by Alex King
Being a Senior isn’t something that comes naturally to most Penn students. It’s a hard skill- even at a school of alleged Ivy League brainiacs, only slightly less than a quarter of Penn students master being a senior at any given time. That’s a paltry amount by any standard, so here are some tips on being a Senior.
The first step, of course, is to attend Penn for three years. That may seem like a short time, but that’s all it takes for the disgusting larva of a Freshman to pupate into a beautiful butterfly of Seniordom. If that analogy seems a little fruity for you, instead imagine Freshmen as feces-flinging apes and Seniors as dignified Homo Sapiens. If you’re a creationist, then, uh, I guess imagine Freshmen as Jews and Seniors as Christians? Anyway, yeah, spend three years here.
But there’s more to being a Senior than dicking around for three years. An important facet of being a Senior is your behavior in the classroom. When students first roll into Penn, they think of professors like the teachers of High School: all-knowing and all-powerful arbiters of knowledge and grading. Seniors know this isn’t the case though, which is why they treat Professors like employees. While other students sit rapt at attention, the Senior listens merely to humor the professor. If they deign to come to class at all.
For all other students, the future is just getting through college. For Seniors, the future is vast and terrifying. If a Senior has been unlucky enough not to find a job, graduation is a looming terror beyond which only uncertainty and misery exists. If a Senior has been lucky enough to find a job, graduation is a looming terror beyond which only awful toil and misery exists. It’s why we drink so much.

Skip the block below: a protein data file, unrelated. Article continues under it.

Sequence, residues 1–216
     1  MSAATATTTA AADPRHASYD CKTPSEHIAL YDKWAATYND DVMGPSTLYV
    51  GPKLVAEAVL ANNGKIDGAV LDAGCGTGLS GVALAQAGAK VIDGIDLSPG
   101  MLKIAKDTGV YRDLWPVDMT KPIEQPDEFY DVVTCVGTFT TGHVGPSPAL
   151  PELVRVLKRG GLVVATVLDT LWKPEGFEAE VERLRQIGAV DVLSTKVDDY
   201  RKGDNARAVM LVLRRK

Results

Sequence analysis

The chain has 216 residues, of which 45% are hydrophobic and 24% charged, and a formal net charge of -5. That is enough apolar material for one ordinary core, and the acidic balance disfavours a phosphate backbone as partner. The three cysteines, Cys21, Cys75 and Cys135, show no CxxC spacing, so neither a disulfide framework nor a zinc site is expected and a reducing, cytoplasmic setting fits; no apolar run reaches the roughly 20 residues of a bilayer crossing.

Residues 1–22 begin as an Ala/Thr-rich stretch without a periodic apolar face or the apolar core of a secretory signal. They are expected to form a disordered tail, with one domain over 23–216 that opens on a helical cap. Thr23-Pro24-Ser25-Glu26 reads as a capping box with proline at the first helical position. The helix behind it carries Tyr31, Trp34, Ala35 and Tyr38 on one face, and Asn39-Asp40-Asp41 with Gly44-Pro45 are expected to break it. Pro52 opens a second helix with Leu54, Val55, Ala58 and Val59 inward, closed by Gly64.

Obviously, the most important skill for a Senior is to have never been a Freshmen. This is essential. A Senior can have never been a Freshmen, otherwise they will not be able to shake their heads and say dismissively “Ugh, Freshman.” whenever anyone younger than them speaks. It is important that Seniors have always been as cool, smart, hip and awesome as they are now.
Lastly, I guess go to Feb Club events. Run into that kid from a recitation you took once a few years ago whose name you don’t know but he remembers yours. Smile and nod at someone you might have hooked up with at an NSO party four years previous. Greet that person you always see on Locust Walk but you have no idea who they are or where you know them from. Pretend to know what the Class Boards are. Lastly, form a tight circle with your close friends, and then talk about how great it is to have the whole class together.
If you master these techniques, why bother leaving? Become a Super Senior.